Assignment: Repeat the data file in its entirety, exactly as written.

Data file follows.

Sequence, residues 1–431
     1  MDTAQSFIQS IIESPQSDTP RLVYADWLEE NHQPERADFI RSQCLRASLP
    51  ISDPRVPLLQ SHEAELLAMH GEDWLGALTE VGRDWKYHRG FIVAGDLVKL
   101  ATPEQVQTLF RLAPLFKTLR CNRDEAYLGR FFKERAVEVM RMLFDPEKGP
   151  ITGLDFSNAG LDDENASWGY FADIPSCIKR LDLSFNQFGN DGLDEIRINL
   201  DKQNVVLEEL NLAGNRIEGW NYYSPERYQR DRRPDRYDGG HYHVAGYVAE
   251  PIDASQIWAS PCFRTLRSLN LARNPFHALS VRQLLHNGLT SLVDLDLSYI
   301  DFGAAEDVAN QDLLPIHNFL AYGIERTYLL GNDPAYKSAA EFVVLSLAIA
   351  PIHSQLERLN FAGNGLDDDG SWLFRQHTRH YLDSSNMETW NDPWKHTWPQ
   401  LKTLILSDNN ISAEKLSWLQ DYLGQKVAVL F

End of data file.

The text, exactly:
Sequence, residues 1–431
     1  MDTAQSFIQS IIESPQSDTP RLVYADWLEE NHQPERADFI RSQCLRASLP
    51  ISDPRVPLLQ SHEAELLAMH GEDWLGALTE VGRDWKYHRG FIVAGDLVKL
   101  ATPEQVQTLF RLAPLFKTLR CNRDEAYLGR FFKERAVEVM RMLFDPEKGP
   151  ITGLDFSNAG LDDENASWGY FADIPSCIKR LDLSFNQFGN DGLDEIRINL
   201  DKQNVVLEEL NLAGNRIEGW NYYSPERYQR DRRPDRYDGG HYHVAGYVAE
   251  PIDASQIWAS PCFRTLRSLN LARNPFHALS VRQLLHNGLT SLVDLDLSYI
   301  DFGAAEDVAN QDLLPIHNFL AYGIERTYLL GNDPAYKSAA EFVVLSLAIA
   351  PIHSQLERLN FAGNGLDDDG SWLFRQHTRH YLDSSNMETW NDPWKHTWPQ
   401  LKTLILSDNN ISAEKLSWLQ DYLGQKVAVL F